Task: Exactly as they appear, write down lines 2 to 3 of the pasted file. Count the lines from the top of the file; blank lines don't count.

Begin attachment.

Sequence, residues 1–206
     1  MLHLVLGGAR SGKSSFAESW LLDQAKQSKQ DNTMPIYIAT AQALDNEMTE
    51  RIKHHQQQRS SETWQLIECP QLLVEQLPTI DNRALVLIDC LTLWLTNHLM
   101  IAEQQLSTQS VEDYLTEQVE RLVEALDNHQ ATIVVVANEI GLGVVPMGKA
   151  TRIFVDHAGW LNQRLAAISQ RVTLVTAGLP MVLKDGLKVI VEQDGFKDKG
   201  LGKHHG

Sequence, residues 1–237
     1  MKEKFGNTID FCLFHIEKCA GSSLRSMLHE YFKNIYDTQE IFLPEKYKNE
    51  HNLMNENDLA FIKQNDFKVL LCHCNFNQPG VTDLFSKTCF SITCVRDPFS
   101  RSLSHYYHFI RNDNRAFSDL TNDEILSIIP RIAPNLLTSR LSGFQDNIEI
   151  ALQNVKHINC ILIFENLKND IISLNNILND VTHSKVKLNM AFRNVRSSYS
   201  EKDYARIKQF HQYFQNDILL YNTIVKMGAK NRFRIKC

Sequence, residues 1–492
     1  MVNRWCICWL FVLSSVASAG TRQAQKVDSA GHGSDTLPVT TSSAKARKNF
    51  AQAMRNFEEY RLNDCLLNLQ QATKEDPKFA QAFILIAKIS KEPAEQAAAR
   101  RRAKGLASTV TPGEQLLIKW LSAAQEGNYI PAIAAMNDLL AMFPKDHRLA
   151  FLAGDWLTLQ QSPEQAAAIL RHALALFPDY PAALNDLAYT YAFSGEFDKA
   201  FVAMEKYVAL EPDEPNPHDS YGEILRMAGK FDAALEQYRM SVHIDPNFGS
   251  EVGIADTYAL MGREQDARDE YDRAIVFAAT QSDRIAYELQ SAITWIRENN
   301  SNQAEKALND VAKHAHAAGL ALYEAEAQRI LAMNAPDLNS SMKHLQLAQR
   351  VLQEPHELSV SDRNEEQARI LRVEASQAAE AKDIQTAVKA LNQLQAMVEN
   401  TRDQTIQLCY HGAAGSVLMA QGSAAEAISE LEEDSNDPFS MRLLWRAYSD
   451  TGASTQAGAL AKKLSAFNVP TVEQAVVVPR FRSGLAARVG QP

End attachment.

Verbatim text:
     1  MLHLVLGGAR SGKSSFAESW LLDQAKQSKQ DNTMPIYIAT AQALDNEMTE
    51  RIKHHQQQRS SETWQLIECP QLLVEQLPTI DNRALVLIDC LTLWLTNHLM